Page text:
This equates to circa 0.2 m/s water flow velocity compared with the offshore 0.7 m/s gas velocity. Testing was generally performed open ended to allow direct observation and recording of the pig passage. Data acquisition was provided at 5 Hz recording frequency and allowed pressure and flow to be logged.

The test program was as follows:

  • Piggability at high flow (700 m3/hour)
  • Piggability at the target flow (300 m3/hour) to check design in detail and to optimize
  • Stop and restart tests at various locations in the loop to check the robustness of the pig
  • Sphere rescue (including parts of the sphere) using the rescue pig
  • Effect of pieces of sphere on the regular undersized pig
  • Loading trial into the 30-inch pipe
  • Reversal from the unbarred tee (contingency trial)
  • Rescue from the unbarred tee using a foam pig.

Initial testing of the base case pig was encouraging but the pig was found to nose up into the tee branch when pushing out the sphere. The pig was re-configured to include cups and a guide disc close to the center of the pig.

The cups provided more robust drive and the guide disc forced the pig to take the bend in a more controlled manner while helping to avoid it entering the offtake. Typical pigging pressures were in the region of 1.5 to 2 bar.

Removal of the sphere and parts of sphere showed no areas of concern once the pig was stable. The flat steel front to the pig allowed it to push axially on the larger sphere pieces and the smaller sphere pieces were mainly pushed out or ridden over.

Testing the regular undersized sphere with small pieces of polyurethane showed a surprising result. Since the line was not 100% round and had some ovality, the sphere rotated in different ways and generally the pieces were pushed out and not ridden over. The concern was that they would get stuck under the sphere and wedge it, causing it to hold up in the line.

It was not possible to reverse the pig from the tee, but the foam pig was capable of pushing the stalled pig forward. This information was used in the contingency planning that accompanied the rescue effort.

Figure 4: Rescue pig testing

Platform Loading

In order to load the pig into the pipeline, a 30-inch spool needed to be removed topside. In its place a pig loader of the same length was installed. The loader was bolted to the pipe flanges either side and secured. The pig was then placed on the loader and turfers were used to push the pig into the 30-inch line.

Due to the specific nature of the back of the pig, it was not possible to push directly on the rear bumper nose on the pig. To overcome this, a top hat design was incorporated to allow the device to push on the rear spacer. (Figure 4).

In order to aid insertion, the pig was greased allowing it to slide in easier. The whole operation was simulated at the Pigtek testing site and the offshore team were present to allow their procedures to be finalized.

Figure 5: Rescue pig loading

Operational Readiness

While the pig was being readied for the operation, the SSIV was operated to the fully open position during a subsea campaign. Meanwhile, a HAZID was held along with risk assessments on the platform and receipt end (Bacton) activities. This then allowed the detailed procedures to be written and signed off. Preparation was then made to get the equipment offshore and onto the platform. This included the pig, the pig pusher and tracking equipment.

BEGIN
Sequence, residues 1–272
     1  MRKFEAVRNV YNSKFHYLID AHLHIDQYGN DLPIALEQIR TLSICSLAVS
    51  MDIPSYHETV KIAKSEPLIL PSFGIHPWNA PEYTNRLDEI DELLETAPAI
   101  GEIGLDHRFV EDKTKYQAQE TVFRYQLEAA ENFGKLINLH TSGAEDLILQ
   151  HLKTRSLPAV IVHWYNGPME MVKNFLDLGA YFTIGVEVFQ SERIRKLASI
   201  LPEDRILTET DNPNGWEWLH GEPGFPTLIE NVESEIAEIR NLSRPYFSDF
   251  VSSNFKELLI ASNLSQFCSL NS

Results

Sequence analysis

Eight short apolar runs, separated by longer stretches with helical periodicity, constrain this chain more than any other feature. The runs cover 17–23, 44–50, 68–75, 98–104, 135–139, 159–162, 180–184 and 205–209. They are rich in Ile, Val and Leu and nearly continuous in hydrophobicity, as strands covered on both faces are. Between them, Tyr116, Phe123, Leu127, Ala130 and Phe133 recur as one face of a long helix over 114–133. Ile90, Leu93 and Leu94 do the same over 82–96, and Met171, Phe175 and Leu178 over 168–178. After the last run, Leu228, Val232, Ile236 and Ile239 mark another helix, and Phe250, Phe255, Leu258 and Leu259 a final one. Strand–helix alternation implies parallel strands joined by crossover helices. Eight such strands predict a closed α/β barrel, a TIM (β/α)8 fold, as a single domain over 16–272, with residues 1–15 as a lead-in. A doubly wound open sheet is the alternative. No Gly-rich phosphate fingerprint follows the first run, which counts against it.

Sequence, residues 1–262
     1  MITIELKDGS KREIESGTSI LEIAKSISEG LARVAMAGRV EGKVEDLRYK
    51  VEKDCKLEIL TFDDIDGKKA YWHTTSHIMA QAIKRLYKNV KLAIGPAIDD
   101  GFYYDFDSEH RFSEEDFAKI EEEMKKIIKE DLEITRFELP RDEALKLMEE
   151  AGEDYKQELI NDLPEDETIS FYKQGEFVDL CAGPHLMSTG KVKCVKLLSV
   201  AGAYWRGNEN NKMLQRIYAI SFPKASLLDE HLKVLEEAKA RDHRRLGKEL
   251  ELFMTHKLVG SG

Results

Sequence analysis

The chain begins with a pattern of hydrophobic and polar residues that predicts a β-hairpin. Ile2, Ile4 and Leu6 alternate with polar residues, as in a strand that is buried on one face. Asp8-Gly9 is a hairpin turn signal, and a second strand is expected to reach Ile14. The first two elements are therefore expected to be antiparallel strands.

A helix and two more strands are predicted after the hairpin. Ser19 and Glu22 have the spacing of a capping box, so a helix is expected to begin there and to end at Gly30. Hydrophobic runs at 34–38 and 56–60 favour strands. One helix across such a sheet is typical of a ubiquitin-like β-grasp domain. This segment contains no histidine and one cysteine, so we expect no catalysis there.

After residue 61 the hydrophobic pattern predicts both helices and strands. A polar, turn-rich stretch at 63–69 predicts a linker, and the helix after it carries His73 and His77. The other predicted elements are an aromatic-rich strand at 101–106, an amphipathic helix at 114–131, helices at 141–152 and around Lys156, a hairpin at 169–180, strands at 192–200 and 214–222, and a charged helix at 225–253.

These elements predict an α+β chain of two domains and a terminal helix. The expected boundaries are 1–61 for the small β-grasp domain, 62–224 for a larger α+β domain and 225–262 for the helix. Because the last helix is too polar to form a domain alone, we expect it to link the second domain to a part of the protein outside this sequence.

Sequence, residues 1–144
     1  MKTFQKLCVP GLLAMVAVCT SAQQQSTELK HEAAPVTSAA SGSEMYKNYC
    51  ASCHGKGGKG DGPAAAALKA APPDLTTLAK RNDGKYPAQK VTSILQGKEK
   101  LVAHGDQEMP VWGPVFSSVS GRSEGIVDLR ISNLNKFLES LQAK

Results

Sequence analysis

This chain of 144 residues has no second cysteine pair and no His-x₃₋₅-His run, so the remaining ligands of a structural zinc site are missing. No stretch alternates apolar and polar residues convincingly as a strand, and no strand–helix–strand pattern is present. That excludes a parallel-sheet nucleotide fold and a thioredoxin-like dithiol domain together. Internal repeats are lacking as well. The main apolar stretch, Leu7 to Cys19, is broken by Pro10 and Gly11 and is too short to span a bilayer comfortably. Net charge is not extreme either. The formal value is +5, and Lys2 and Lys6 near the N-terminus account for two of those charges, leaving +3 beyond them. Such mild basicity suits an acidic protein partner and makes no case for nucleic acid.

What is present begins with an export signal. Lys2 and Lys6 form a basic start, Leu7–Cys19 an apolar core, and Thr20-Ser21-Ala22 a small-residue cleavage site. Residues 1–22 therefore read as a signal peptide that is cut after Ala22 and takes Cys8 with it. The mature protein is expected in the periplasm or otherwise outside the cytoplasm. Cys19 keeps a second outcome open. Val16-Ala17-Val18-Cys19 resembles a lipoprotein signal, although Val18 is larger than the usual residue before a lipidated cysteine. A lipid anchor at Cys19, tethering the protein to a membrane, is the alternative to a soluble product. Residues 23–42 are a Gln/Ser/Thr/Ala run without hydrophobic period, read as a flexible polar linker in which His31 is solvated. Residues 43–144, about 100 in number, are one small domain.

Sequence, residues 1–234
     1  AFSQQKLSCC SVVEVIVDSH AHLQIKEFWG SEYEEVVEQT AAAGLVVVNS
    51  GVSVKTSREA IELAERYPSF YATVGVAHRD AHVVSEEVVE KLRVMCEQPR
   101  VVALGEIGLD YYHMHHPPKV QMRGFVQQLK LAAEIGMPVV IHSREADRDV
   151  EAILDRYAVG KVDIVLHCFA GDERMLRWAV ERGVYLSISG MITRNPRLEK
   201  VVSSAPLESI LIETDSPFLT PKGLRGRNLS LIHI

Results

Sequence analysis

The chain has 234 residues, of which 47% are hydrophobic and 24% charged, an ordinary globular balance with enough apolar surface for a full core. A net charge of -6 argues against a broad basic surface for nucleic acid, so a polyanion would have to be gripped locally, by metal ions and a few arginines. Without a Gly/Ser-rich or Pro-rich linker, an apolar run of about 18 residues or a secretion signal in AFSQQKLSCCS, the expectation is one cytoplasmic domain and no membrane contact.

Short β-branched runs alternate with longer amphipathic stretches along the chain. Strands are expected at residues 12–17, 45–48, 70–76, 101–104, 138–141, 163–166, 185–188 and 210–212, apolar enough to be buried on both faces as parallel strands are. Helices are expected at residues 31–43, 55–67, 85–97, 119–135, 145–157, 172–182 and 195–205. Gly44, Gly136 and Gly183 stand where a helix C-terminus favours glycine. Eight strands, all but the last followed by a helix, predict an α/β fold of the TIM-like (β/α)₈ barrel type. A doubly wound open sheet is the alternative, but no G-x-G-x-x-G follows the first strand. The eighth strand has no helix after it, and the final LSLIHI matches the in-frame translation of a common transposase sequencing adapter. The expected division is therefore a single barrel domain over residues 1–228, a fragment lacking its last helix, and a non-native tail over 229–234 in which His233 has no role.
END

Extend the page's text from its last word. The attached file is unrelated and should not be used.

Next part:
As communication was vital to this project, preparation at the platform and Bacton included stop/hold points to ensure that the best estimate of the pig location was related to all involved and the volumes of liquid entering the plant was understood. In this way the flow and pig could be stopped periodically, and the liquid allowed to drain.

Rescue Pigging Operation

In July 2022, the rescue pig was launched, and it traversed the topsides 30-inch/36-inch tee and 1.5-D bend without any issues. As the pig moved through the pipeline, liquid was gathered ahead and pushed out of the pipe.

Due to the large volume compared with that of the slug catcher, the flow had to be stopped several times to allow the volume to be drained down. The pig could then move ahead again. For this reason, the pig run required constant monitoring with good communication between onshore and offshore parties.

The pig successfully negotiated the pipeline and pushed the stricken sphere out at Bacton. The sphere was recovered mainly in one piece but with a large rip in it. This was likely due to traversing the partially closed SSIV and resulted in a large leakage area and a certain amount of ovality which added to the friction.

The combination of leakage area and additional friction meant that the gas flow could move past the pig without generating sufficient differential pressure to push it forward. It may have been moving very slowly but it was difficult to tell.

Leman A and associated platforms subsequently returned to full production. Daily sphering has returned to normal to remove liquid hold up from the line.

Figure 6: Recovered damaged sphere and rescue pig

Key Observations:

  1. Good pig selection, design and testing is considered vital to the rescue pig attempt. Even then, contingency planning and risk assessment must be considered. 
  2. It was not always possible to get full details of the pipeline due to its age (installed in 1967). It is good practice to assemble a set of good piping drawings and documentation as well as understanding any missing details. A fully documented bore map is considered to be a good approach.
  3. The use of a pig with seals to allow pushing on the stalled pig and a flat front proved to be successful. It is important to understand the problem at hand and set out the pig functional requirements as best as possible.
  4. Pressure pulse survey or InnerVue proved to be useful to understanding the location of the lost pig. Gel could also have been a useful addition to the rescue but unfortunately, limitations at the receipt end meant that it could not be used. 
  5. Piggability of the topside pipe work and general consideration of contingencies could be discussed before an issue occurs. Although it was possible to get a pig into the line, it was not easy and future inspection will require more suitable launch facilities. 

Acknowledgements: The following departments and companies are acknowledged for their part in the project: Shell PACO, Operations, Pipelines, Process, Flow Assurance; ExxonMobil partners; contractors, including Pigtek, SUN Engineering, Penspen, Alchemy, Halliburton, Pipeline Research Limited. 

Related Articles


{{ error }}
{{ comment.comment.Name }} • {{ comment.timeAgo }}
{{ comment.comment.Text }}